Tram doubts

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Perhaps we should not allow ourselves to get too carried away at the prospect of trams carrying passengers in Edinburgh by Christmas, whatever hints may have been dropped during private briefing sessions (your report, 3 July). There is still much to be done.

Tram-testing on the city’s 
central streets will inevitably take some time. Before any 
testing can start, the entire tram signalling system with white-light signals will have to be installed and commissioned, and fully co-ordinated with traffic lights to ensure that trams can run safely through junctions.

It is highly likely that there will need to be several attempts to get the phasing and co-ordination of tram signals and traffic lights operating correctly so that city traffic and the trams can run in harmony.

The trams are longer than any other road vehicle, with greater potential to trail across and block junctions, so tram detection sensors in the signalling system will have to ensure no possibility of conflict or collision with other traffic.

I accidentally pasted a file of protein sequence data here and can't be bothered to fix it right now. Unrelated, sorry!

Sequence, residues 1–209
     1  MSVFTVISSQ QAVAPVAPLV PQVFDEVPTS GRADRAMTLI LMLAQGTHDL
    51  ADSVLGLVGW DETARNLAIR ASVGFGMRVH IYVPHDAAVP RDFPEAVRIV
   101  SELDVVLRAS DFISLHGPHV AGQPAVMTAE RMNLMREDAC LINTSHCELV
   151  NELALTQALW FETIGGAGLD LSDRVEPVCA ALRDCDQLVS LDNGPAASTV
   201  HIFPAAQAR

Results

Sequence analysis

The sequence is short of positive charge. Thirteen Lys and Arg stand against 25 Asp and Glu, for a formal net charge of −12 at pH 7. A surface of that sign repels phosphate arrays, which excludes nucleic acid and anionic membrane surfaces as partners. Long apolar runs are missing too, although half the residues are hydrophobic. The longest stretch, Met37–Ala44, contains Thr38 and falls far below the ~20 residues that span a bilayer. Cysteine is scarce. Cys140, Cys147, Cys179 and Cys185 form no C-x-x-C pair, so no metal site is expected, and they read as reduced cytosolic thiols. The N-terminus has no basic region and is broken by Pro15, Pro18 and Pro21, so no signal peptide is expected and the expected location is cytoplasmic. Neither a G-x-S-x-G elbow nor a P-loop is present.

Ticket machines will have to be installed and the integrated ticketing system will have to be commissioned – yet more technology to get up and running
efficiently.

So far we have received very little information about how this will work, and what bus/tram ticket co-ordination there will be, but this is likely to 
require thorough trialling and testing to ensure that yet 
another layer of new technology operates properly. Tram-running in central Edinburgh will be a huge change for the city to adjust to, and cannot be rushed.

It would be preferable to take more time to ensure that everything is running smoothly before passengers are carried.

Otherwise it is likely we will have to endure more bad news about the so-called “Great Tram Disaster”.

Robert Drysdale

Primrose Bank Road

Edinburgh

Your headline “City’s trams ‘to be running by Christmas’”, missed out an important word: “maybe”.

Doris Duff

Belmont Gardens

Edinburgh

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